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Doobie Brothers

Live at Wolf Trap

Review by Gary Hill

This live recording from the Doobie Brothers is quite strong. I have reviewed the video of this before, so this is going to focus more on just the individual song performances. Let’s just say, though, that between killer harmonies, great songwriting and exceptional musicianship, you really can’t go wrong with this band. This is a great live album and well worth having.

This review is available in book format (hardcover and paperback) in Music Street Journal: 2013  Volume 5 at

Track by Track Review
Rockin' Down the Highway

With a smoking hot horn section in the arrangement, they open things up with this classic rocker and it sounds as good as ever.

Jesus Is Just Alright
This has never been one of my favorite Doobie Brother tunes, but they deliver a pretty fired up rendition here. I tend to think this song is “just alright.” It’s got some decent guitar sounds, but just isn’t all that strong.
This might not be as well known as the two openers, but it’s a powerhouse rocker. This is a strong one for sure.
Another Park, Another Sunday
A melodic, slower moving tune, this is a cool number. It’s a great way to slow it down a bit. The delivery here is great and the saxophone solo is a nice touch.
Steamer Lane Breakdown

There is a real folk rock meets bluegrass element to this cool instrumental tune.

South City Midnight Lady
Another song with which I wasn’t all that familiar, this is a classy tune. It’s got a real folk rock vibe to it. The slide guitar is nice and the vocal arrangement is noteworthy, too. The saxophone heralds a cool jazz meets space rock kind of instrumental movement.
Snake Man
Slide blues guitar is heard as this opens as a bluesy mellow rocker.
Five Corners
This is a pretty and fairly short acoustic guitar solo. It makes me think of some of the stuff Steve Howe does.
Rainy Day Crossroad Blues
Another with a lot of bluegrass built into it, this is a cool tune, too. It’s not one of the better known pieces, but it’s strong. I love the slide guitar. The saxophone adds to this tune, too.
Clear As The Driven Snow

This tune is almost progressive rock. It opens with a mellower movement that holds it for a while. Then it gets more energy and power while still remaining melodic. I love the chiming guitar sound that emerges here and there on this piece. It’s a powerful number and while not an instant classic, one of my favorites here. That picked guitar is amazing. The guitar solo section later has a bit of a Southern rock vibe to it.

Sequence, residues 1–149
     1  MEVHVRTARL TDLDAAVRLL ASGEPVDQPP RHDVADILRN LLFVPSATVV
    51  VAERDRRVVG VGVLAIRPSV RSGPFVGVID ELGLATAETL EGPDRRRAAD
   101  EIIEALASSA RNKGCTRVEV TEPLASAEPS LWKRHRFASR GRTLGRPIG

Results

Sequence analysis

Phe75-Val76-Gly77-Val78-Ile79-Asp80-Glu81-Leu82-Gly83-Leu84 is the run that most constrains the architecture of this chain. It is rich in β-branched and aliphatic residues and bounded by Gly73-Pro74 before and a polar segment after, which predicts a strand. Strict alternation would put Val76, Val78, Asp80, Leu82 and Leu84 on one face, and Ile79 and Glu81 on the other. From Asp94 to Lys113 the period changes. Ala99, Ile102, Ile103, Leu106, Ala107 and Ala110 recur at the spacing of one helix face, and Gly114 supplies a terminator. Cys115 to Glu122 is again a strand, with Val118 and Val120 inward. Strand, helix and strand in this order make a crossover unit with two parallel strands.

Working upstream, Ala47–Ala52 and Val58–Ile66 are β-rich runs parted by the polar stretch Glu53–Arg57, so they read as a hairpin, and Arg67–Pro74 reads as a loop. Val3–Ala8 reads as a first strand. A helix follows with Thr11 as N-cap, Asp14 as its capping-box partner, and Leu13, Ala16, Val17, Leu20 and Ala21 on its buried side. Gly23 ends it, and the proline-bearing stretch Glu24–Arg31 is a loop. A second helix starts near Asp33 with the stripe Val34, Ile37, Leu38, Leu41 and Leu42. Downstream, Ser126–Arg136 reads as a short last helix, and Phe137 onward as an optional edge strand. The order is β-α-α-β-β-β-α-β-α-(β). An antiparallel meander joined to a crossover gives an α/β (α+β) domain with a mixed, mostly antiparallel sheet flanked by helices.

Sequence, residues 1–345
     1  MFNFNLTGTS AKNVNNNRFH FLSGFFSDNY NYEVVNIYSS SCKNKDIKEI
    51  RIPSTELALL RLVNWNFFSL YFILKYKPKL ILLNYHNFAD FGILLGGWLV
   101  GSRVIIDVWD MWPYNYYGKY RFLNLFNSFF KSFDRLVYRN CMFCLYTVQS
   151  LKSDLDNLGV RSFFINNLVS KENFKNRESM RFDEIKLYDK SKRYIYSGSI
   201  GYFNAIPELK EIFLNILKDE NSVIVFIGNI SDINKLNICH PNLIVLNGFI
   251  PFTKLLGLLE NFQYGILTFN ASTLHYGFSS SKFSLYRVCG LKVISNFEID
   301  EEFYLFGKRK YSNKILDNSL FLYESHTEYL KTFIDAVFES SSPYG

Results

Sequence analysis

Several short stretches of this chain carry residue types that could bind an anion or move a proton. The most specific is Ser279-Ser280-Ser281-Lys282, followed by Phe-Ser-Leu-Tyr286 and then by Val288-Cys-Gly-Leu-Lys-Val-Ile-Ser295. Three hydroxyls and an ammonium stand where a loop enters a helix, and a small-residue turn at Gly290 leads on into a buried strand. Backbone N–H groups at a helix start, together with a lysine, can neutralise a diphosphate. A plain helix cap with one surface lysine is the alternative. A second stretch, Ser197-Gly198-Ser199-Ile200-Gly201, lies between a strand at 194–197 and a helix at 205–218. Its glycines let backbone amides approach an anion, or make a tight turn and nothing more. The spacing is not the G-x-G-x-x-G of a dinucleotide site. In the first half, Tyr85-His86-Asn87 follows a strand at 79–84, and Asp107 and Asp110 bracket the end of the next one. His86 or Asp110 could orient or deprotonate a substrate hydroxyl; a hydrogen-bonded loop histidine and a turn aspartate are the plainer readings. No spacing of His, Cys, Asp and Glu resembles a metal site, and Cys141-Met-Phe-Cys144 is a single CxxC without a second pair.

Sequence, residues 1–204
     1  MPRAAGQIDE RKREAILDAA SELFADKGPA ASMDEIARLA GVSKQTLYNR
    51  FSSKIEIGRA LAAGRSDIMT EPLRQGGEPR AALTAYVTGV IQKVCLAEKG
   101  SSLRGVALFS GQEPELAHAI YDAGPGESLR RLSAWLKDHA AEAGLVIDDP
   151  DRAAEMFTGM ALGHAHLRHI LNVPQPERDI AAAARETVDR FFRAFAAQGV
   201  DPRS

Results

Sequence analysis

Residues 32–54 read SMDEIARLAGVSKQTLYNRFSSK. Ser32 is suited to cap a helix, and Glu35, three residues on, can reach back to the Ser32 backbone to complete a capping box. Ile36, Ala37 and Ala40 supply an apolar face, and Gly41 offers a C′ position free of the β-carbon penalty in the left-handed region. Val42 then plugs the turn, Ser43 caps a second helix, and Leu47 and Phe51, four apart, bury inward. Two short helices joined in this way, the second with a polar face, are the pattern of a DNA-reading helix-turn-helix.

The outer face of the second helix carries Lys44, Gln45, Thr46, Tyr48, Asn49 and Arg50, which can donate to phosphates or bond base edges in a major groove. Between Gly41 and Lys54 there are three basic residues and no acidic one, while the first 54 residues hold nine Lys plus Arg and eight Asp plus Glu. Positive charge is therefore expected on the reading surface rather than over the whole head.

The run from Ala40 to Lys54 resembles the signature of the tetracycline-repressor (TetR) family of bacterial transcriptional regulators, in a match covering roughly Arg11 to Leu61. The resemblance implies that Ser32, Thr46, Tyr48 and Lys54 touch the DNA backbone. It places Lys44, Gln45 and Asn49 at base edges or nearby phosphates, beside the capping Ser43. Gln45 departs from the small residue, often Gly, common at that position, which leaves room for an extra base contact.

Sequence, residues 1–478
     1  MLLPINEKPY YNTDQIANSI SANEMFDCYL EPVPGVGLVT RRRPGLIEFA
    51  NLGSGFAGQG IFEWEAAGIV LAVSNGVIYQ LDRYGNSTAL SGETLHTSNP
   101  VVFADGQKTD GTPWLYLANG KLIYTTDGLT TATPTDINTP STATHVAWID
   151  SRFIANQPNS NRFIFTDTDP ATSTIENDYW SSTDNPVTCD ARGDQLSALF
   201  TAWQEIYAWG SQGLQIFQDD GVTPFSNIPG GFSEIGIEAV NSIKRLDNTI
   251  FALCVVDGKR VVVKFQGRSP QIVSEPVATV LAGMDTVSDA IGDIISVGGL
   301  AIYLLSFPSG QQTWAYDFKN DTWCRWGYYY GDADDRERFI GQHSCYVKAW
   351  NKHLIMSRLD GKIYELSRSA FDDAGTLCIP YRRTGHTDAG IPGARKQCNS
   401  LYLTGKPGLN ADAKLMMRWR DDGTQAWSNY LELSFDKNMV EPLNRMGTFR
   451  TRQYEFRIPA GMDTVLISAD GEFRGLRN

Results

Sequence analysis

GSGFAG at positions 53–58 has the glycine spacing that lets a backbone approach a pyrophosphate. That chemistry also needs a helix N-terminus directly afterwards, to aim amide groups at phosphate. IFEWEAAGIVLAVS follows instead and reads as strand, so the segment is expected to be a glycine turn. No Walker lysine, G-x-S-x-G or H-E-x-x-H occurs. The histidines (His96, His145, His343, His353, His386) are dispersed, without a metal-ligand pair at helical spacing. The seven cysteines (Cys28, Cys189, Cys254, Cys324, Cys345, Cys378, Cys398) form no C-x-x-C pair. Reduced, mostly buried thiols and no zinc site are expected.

Don't Start Me Talkin'
Definitely more of a bluesy rocker, this is quite a tasty jam. The horn section adds a lot and the smoking hot guitar solo is great, too. Referencing the Allman Brothers here wouldn’t be out of the question. That said, the piano solo (and sax solo that follows) brings it in closer to jazz territory for a time. When they double time it later it definite gets more of a jazz element on display.
Take Me in Your Arms
This energetic Doobies classic gets a great rendition here. I think the guitar solo brings a bit more of a modern (almost fusion) texture to the piece. It is another smoking hot jam that works so well in this live version.
Little Bitty Pretty One
There’s a great groove to this number and the vocal arrangement is sweet. The horn section is also a big part of creating a cool party atmosphere. This is great party music overall.
Black Water
Here is another Doobie Brothers classic. It’s delivered with style. It’s pretty faithful to studio rendition everyone knows. There are great instrumental and vocal moments here and this one of the better cuts in the whole set.
Long Train Runnin'
By this point in the set, it’s all about faithful and powered up delivery of the hits and this one is well in keeping with that concept. It’s always been a great tune and they do a great version here.
China Grove
Another Doobies hit, it feels to me like they upped the ante a bit here. As good as the song was to begin that says a lot. I definitely don’t remember all the horns on the original version.
Listen to the Music

Starting with just a sea of voices, this Doobies standard is the closing piece here. Not only is that vocal arrangement great, but the picked guitar is tasty, too. The audience claps along and it’s another satisfying live rendition.

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